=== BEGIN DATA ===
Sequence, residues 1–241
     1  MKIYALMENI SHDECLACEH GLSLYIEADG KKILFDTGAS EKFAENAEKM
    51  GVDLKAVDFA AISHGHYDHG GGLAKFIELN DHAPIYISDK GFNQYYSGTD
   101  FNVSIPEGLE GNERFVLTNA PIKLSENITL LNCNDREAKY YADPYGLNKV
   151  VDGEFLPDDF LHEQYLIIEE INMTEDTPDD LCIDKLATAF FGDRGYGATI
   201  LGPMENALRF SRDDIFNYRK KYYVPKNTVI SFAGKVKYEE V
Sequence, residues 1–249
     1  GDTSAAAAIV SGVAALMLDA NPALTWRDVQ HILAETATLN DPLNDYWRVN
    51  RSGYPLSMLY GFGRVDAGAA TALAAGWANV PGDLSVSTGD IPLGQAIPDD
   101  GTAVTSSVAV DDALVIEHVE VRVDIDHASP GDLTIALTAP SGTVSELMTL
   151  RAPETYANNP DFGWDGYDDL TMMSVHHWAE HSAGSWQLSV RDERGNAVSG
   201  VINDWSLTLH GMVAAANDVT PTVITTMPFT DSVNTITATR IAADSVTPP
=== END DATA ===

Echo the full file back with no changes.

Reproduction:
Sequence, residues 1–241
     1  MKIYALMENI SHDECLACEH GLSLYIEADG KKILFDTGAS EKFAENAEKM
    51  GVDLKAVDFA AISHGHYDHG GGLAKFIELN DHAPIYISDK GFNQYYSGTD
   101  FNVSIPEGLE GNERFVLTNA PIKLSENITL LNCNDREAKY YADPYGLNKV
   151  VDGEFLPDDF LHEQYLIIEE INMTEDTPDD LCIDKLATAF FGDRGYGATI
   201  LGPMENALRF SRDDIFNYRK KYYVPKNTVI SFAGKVKYEE V
Sequence, residues 1–249
     1  GDTSAAAAIV SGVAALMLDA NPALTWRDVQ HILAETATLN DPLNDYWRVN
    51  RSGYPLSMLY GFGRVDAGAA TALAAGWANV PGDLSVSTGD IPLGQAIPDD
   101  GTAVTSSVAV DDALVIEHVE VRVDIDHASP GDLTIALTAP SGTVSELMTL
   151  RAPETYANNP DFGWDGYDDL TMMSVHHWAE HSAGSWQLSV RDERGNAVSG
   201  VINDWSLTLH GMVAAANDVT PTVITTMPFT DSVNTITATR IAADSVTPP